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Thursday, 11 May 2017

RMIT University Short Courses



Shoso teaches  "Japanese Aesthetics: From Ikebana to Contemporary Art" at RMIT University Short Courses. It will be available for anyone (not just for RMIT students). This class will take participants on a journey to explore the theory of Japanese aesthetics through practical exercises. 

Image Above: The first lesson starts with a video, discussion about design elements & principles, and making a basic style Ikebana. 

Image below: Free style Ikebana using leaves only at the second lesson. 

The students will make sculptural & 2D works from the 3rd lesson.  

Next terms will start from 16 August 2017 & 25 October 2017 
Please book early.http://bit.ly/1IFmuyl

http://www.shoso.com.au
https://www.facebook.com/ikebanaaustralia

Thursday, 4 May 2017

Ikebana Today 58




I’m going to add more to the list of questions about the notion that Japanese culture is Zen culture.

4. It is commonly accepted that the foundation of Japanese religious consciousness is ancestor worship. It is generally taken care of by Buddhism and various rites of passage, including weddings, are taken care of by Shinto. However, such a division was introduced only in the Edo period (1603 -1867). When Buddhism was introduced to Japan in the 6th century, it was probably perceived as a sophisticated and trendy religion. Nevertheless, it was probably Shinto that took care of ancestor worship, the foundation of the spiritual life of the Japanese. Such a foundation has been maintained throughout the Japanese history until today, but it is easily concealed by other religious veils such as Buddhism.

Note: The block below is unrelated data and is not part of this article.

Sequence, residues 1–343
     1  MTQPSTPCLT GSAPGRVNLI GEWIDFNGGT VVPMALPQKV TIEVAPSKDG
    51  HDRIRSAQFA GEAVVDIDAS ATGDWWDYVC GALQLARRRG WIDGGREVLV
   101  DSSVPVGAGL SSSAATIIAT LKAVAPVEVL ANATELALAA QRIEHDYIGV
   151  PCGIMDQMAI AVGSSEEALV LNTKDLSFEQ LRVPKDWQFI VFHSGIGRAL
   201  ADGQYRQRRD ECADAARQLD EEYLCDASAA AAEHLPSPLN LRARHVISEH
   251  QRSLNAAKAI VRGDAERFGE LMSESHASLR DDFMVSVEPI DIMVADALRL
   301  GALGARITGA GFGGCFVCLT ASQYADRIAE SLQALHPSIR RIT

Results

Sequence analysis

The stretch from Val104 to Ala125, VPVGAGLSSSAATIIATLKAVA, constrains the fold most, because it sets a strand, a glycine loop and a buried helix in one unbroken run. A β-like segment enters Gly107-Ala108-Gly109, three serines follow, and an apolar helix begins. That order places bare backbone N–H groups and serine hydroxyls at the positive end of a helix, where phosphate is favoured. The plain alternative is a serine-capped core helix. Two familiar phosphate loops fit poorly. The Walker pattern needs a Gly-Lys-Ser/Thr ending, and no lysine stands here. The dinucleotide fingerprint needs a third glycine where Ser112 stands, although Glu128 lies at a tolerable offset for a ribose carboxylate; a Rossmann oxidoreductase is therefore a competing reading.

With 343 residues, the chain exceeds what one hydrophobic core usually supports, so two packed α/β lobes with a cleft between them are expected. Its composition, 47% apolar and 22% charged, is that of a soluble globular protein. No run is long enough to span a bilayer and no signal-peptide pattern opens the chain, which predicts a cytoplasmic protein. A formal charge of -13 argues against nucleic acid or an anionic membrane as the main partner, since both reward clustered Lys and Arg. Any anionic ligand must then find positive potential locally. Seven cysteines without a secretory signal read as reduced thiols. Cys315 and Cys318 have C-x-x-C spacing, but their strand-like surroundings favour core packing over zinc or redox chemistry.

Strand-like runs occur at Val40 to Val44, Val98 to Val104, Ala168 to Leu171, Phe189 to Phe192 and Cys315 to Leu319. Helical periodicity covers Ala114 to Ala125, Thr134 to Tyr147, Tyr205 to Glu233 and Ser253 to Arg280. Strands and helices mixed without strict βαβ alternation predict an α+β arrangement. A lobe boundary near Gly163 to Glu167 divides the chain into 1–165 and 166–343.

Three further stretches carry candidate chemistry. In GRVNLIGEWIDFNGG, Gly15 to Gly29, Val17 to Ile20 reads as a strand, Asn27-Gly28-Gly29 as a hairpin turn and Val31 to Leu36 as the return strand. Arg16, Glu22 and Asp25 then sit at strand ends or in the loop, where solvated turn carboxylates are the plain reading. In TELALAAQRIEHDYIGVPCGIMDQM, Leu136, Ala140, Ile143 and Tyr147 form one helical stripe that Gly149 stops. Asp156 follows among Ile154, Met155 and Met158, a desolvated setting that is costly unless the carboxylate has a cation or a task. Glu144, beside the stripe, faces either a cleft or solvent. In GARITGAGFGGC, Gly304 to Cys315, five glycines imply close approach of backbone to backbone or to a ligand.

5. The original Zen, introduced to China from India, was very different from the Zen practiced in Japan today. Zen in Japan is very similar to Shinto in many aspects including its goals, attitude to nature and, in particular, aesthetics. 

Although I have not explained anything properly, I sometimes imagine that the Japanese may have been practising Shinto under the veil of Zen. I further imagine that the perception of Japanese culture as Zen culture may be wrong. Such a notion might have been propaganda prompted by Daisetz Suzuki, Kyoto School of Philosophy and the Japanese government. Probably they wanted to ignore Shinto as the foundation of Japanese culture. 

First, it is hard to investigate Shinto anyway. There are not sufficient reliable introductory documents about Shinto. In addition Shinto was highly political before the war. It must have been inconvenient to present Japan as a nation of Shinto in the international community after the war. However, Shinto thoughts related to politics before the war or right wing extremism were abnormal parts of it.

In considering Ikebana in relation to the Japanese spirituality, Shinto perspectives are necessary rather than those of Zen. My proposal is that Japanese culture is fundamentally Shinto culture. While it seems to be common sense historically, surprisingly few people publicly advocate such a notion.

This is a commercial Ikebana work using a branch found on the roadside. Natural wastes are often our resources.

I’ll take a part in Arts Learning Festival in Melbourne with some international artists such as Michelangelo Pistoletto in May.

http://www.shoso.com.auhttps://www.facebook.com/ikebanaaustralia

Monday, 1 May 2017